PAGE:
The Qatar Airways flight 🛬 approach into Madrid-Barajas Airport was long and gradual. I got to admire the scenery with only a few isolated clouds around.
Passport control 🛂 As the border agent scans my passport (by eye), while surveying me up and down, I’m thinking … Oh FFS! Mr.Francis, he says in better English than would’ve been my Spanish 🇪🇸 equivalent, “what are you doing here”? I’m thinking … Oh FFS! My innocent heart sunk! It carefully took a good ten minutes and another agent to press the matter, I’d indeed flown from Australia 🇦🇺 and not from the dirty UK 🇬🇧 ! Eventually I got, “welcome to Spain Mr.Francis”. I’m thinking … Oh TF!
I now possess a Spanish passport stamp. That would’ve not happened pre-stupid-Brexit! So I’m just going to tell everyone else I’m an Australian! Problem solved!
With that palaver out of the way, I wasn’t wasting anytime staying in the terminal. Incase they promptly changed their minds!
Next, bio-immigration. I’d completed all the appropriate forms online in Australia and was in the possession of a QR 🆘 code from the Spanish health authorities and the downloadable app. I flashed the code from my phone 📱 and I was through before I knew it. No post-PCR test from Australia was required. It took some research back in Perth to ensure my research was correct, otherwise … !
I had considered cycling 🚴♂️ to my pre-booked accommodation, but soon put paid to that idea! I always think of doing this, but it never happens! Tired, hungry and putting the bike together in a terminal, then facing a new cities traffic … sod that! Airport taxi 🚕 booked at the kiosk and I was on my way with Speedy Gonzalez in 15 minutes. But, then, every driver drove like Speedy Gonzalez!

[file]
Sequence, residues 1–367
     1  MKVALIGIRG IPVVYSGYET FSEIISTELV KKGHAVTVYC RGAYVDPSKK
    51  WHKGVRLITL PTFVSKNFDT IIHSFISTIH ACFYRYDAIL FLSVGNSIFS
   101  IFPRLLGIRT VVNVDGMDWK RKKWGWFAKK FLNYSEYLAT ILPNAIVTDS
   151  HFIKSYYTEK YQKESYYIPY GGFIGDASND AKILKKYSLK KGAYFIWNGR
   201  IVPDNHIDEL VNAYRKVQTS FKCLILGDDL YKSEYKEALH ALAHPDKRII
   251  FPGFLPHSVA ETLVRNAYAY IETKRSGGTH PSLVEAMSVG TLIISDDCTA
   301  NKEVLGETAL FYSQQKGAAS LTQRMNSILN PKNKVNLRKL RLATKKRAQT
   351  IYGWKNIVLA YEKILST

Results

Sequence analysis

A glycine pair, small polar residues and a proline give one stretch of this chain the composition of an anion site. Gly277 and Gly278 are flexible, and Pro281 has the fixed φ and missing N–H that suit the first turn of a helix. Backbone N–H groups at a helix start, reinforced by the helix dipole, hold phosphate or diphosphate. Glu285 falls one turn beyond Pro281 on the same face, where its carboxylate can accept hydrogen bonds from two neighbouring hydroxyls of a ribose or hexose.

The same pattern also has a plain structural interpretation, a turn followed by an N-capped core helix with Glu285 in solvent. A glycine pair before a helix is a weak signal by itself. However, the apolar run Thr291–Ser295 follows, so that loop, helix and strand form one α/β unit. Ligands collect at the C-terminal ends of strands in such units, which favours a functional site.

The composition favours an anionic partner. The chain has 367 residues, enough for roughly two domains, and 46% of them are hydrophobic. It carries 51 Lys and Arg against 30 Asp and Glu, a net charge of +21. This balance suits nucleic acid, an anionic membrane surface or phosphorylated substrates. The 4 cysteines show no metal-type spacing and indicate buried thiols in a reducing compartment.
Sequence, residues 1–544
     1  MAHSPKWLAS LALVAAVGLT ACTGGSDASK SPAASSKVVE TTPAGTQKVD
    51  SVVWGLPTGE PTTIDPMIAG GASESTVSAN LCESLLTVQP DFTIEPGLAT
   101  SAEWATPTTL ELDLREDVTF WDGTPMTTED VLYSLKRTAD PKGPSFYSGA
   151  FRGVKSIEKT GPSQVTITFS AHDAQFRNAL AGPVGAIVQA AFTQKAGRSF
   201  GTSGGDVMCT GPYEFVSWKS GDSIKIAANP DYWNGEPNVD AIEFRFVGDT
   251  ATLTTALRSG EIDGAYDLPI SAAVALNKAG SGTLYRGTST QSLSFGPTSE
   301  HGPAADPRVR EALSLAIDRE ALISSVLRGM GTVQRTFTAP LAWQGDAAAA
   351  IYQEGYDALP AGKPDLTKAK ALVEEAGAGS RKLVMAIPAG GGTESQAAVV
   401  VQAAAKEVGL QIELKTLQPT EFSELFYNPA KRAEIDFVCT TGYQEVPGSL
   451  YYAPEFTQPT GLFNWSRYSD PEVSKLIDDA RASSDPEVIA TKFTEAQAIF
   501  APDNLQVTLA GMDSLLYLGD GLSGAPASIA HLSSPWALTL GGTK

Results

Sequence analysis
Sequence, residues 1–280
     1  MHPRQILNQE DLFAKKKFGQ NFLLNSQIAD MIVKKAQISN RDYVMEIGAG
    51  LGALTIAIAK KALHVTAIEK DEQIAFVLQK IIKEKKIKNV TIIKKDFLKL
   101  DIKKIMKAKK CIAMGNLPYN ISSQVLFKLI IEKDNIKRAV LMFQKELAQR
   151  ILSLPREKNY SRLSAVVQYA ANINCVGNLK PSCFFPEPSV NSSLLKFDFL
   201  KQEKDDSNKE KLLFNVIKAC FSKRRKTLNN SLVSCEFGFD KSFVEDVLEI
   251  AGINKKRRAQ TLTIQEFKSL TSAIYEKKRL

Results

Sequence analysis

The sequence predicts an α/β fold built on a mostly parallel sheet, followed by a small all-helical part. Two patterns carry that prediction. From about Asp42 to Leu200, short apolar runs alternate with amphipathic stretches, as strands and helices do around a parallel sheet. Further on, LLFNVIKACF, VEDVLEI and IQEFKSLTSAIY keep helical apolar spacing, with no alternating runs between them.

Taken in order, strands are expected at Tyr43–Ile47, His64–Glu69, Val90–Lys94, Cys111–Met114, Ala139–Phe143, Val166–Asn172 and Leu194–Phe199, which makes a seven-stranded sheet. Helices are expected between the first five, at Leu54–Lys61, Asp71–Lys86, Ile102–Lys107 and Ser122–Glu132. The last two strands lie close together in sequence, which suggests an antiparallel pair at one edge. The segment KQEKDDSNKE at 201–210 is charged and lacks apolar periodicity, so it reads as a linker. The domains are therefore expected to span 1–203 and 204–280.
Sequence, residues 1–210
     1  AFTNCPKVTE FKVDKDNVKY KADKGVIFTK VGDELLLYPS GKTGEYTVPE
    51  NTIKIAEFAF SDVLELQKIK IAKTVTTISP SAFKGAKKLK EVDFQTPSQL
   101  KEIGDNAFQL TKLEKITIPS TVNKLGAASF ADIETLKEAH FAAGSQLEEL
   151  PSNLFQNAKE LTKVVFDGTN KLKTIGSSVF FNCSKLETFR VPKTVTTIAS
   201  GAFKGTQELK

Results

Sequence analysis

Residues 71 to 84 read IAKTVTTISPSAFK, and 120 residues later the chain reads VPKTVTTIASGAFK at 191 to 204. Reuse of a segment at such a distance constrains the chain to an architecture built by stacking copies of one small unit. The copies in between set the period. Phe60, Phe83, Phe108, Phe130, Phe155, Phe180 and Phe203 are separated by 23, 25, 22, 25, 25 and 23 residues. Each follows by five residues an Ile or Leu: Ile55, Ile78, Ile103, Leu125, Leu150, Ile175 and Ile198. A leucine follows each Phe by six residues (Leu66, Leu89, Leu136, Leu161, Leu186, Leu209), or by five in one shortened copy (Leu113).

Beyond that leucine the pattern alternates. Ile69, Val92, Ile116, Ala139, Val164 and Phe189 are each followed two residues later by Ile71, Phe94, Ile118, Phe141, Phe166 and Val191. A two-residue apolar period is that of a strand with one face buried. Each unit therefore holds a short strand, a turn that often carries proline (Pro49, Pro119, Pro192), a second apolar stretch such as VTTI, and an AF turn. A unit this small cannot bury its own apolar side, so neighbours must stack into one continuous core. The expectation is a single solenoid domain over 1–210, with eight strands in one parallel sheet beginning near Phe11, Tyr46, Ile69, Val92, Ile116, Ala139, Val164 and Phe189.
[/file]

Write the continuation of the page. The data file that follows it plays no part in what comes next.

I could’ve taken a bus. which supposedly had bike racks for 5 euro. But the 30 euro for a taxi straight to the hostels door was a no brainer 🧠
30 minutes later I arrive at Hostal Montaloya. It fitted the bill. Clean, quiet and safe! I’d stay there again.
The next few days were invariably spent putting the bike back together, again, and stocking up on supplies, with some tourist plodding around Madrid!
One of my initial plans (there were many, including: Slovenia, Greece and a few more.) was to fly into Barcelona. Key reasons I didn’t: Catalunya (province) had tighter Covid restrictions than Madrid. I’d been to Barcelona before. Madrid is classed as less touristy (not sure that applies presently!). Accommodation cheaper. But most importantly, I’d meticulously researched an El Camino route that started out in Valencia and headed north to Santander via not too far east of Madrid. I couldn’t find a suitable route from Barcelona that I could load straight onto my Garmin eTrex 30 GPS. If you can merely follow a line on a GPS, one devotes less time faffing over a map, usually in the driving rain!
So, food stocked up for a few days, bike back together, and ready for the big off-ski.
As ever, though, the profound feeling of apprehension the night before as one heads out into the big unknown! As much as the unknown can be on a fully loaded bike in a new city!
The hardest part of any adventure is just getting to the start line!
Photos generally shot with a Fujifilm X100T. All content is protected.